The Allure of Sports in Western Culture
Whether it is our love of chance and vicarious thrill, our need to release anxiety and aggression, or our appreciation of the arc traced by a ball at a crucial moment – sports draw us in.
The Allure of Sports in Western Culture contributes to contemporary debates about the attraction of sports in the West by providing a historical grounding, as well as theoretical perspectives and contextualization. Bringing together the work of literary theorists, historians, and athletes, the volume’s dual emphasis allows us to better understand the historical and ideological reasons for the changing nature of sports’ allure from Ancient Greece and Rome to the modern Olympics. The findings show that allure is shaped by larger forces such as poverty, wealth, and status; changing moral standards; and political and cultural indoctrination. On the other hand, personal and psychological factors play an equally important, if less tangible role: our love for scandal, the seduction of deception and violence, and the physiological intoxication of watching and participating in sports keep us hooked. At the heart of the volume lies the tension between our love of sports and our knowledge of their only barely hidden cruelties, exploitations, and manipulations.
- World Rights
- Page Count: 288 pages
- Dimensions: 6.0in x 1.0in x 9.0in
"The Allure of Sports in Western Culture brings together a collection of insightful investigations into the qualities, both ethical and aesthetic, that have constituted the fascination of sports from classical antiquity to the present day. Observed from a broad variety of perspectives, the essays in this volume address the entangled forms of desire – for beauty, for ugliness, for losing one’s individuality – that combine to make sports one of the most significant cultural activities of the West."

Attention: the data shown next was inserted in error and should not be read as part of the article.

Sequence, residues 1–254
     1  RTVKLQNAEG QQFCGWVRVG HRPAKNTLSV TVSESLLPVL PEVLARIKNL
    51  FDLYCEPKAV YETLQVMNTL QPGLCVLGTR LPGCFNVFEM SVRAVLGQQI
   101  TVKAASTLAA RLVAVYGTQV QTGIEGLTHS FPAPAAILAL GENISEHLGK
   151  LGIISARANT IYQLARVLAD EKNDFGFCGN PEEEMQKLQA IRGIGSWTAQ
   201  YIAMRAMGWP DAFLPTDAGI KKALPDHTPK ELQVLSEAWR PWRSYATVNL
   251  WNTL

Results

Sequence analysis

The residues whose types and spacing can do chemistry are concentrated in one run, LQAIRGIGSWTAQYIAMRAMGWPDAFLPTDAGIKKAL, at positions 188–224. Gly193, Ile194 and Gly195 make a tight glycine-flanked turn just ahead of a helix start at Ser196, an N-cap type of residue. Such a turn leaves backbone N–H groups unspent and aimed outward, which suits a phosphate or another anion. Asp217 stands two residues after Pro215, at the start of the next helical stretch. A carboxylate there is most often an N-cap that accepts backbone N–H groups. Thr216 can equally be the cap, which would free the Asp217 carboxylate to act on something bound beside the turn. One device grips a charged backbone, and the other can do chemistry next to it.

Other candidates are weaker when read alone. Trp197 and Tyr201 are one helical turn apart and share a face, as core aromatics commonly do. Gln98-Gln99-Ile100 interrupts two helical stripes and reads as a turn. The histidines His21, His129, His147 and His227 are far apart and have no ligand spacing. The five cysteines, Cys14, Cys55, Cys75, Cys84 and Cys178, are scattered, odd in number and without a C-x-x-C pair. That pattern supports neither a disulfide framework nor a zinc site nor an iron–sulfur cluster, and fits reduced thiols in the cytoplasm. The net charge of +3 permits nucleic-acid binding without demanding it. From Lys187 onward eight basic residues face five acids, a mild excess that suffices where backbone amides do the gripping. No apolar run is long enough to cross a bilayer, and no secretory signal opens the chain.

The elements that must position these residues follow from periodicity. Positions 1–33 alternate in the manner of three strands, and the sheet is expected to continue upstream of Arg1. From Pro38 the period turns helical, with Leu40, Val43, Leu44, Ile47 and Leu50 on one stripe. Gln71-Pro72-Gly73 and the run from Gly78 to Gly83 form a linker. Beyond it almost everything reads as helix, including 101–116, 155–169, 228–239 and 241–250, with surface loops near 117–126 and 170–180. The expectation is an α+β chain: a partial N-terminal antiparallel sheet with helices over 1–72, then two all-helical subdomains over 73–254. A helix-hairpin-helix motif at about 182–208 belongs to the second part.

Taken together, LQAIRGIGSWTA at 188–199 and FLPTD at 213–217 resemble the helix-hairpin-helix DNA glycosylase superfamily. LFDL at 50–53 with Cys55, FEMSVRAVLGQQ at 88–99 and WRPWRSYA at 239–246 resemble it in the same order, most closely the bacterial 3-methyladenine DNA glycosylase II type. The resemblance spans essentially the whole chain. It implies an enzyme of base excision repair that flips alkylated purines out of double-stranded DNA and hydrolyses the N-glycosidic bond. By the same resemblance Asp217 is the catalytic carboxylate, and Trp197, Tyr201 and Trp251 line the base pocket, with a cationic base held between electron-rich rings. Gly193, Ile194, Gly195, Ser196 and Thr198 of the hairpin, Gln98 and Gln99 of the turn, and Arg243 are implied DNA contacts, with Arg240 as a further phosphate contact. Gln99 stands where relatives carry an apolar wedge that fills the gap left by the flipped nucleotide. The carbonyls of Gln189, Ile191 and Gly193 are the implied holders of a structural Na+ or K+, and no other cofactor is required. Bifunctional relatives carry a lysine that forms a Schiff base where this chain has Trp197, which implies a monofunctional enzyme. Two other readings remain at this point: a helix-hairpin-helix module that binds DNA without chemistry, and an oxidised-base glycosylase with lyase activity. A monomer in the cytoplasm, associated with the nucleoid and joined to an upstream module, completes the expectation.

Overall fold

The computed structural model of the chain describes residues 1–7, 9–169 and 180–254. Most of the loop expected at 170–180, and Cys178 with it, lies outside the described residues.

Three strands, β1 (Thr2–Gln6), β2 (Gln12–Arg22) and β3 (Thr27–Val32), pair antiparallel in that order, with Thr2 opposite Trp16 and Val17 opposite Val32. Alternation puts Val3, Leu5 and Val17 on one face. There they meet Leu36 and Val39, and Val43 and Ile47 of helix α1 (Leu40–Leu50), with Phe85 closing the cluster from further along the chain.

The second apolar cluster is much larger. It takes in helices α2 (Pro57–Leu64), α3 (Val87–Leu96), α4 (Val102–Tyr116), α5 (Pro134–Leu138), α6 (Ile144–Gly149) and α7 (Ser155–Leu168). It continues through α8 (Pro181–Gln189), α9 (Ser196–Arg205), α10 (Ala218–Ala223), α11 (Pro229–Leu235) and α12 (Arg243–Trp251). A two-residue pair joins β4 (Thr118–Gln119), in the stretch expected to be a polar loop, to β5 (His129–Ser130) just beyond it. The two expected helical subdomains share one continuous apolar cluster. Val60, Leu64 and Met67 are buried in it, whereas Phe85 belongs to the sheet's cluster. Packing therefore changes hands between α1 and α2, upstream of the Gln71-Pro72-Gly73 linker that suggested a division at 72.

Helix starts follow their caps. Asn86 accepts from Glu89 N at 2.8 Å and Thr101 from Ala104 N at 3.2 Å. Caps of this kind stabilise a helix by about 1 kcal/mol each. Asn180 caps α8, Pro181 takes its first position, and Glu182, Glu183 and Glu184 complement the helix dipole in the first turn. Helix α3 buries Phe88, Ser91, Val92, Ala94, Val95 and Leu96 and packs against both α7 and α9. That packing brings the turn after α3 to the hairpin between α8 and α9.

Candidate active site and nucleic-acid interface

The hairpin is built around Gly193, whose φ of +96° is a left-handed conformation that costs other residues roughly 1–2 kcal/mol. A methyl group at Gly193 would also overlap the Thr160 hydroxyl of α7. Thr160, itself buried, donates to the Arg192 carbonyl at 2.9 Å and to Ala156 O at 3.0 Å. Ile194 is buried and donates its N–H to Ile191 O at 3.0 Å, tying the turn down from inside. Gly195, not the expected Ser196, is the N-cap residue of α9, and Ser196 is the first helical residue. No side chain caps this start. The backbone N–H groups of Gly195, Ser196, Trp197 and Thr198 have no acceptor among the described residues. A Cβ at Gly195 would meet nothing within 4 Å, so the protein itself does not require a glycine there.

Andrew James Johnston, Freie Universität Berlin
"Zilcosky and Burks have put together a timely collection of exceptional quality. The Allure of Sports in Western Culture evidences the growing importance of sports studies as a field that urges us to think through some of the most pressing questions of ethics and aesthetics. It shows how sports play a key role in historical subject formations and illuminates how the cultural as well as political events that institutionalize this practice are central to our modern self-understanding. The contributions make clear that scholars across the humanities have much to profit from thinking about the allure of sports."
Alexander Regier, Department of English, Rice University
"The fascination of sport in all its richness and ambivalence has hardly ever been explored so deeply. Magnificent!"
Stefan Willer, Department of German Literature, Humboldt-Universität zu Berlin
Author InformationJohn Zilcosky is Professor of German and Comparative Literature at the University of Toronto, and editor of Writing Travel: The Poetics and Politics of the Modern Journey also published by the University of Toronto Press.
Marlo Alexandra Burks is an independent scholar and recent postdoctoral Fellow in the Berlin Program for Advanced German and European Studies at the Freie Universität Berlin.
Table of contents
Introduction: Allure and Ethics
I. THEORETICAL OVERTURES
1. "Allure" Constrained by "Ethics"? How Athletic Events Have Engaged Their Spectators
Hans Ulrich Gumbrecht
II. THE ANCIENT WORLD
3. The Fading Allure of Greek Athletics
4. Wrestling, or the Art of Disentangling Bodies
5. The Allure and Ethics of Ancient Aesthetics: Hellenism in the Modern Olympic Movement
III. MODERN EUROPE
6. Attractive or Repugnant? Running Races in Eighteenth-Century Germany and Britain
Rebekka V. Mallinckrodt
7. A Well Trained Community. Gymnastics for the German Nation
8. Importing a German Kampfsport: The Reception and Practice of Japanese Martial Arts in Interwar Germany
9. The Ethics and Allure of the Foul in Soccer
Subjects and Courses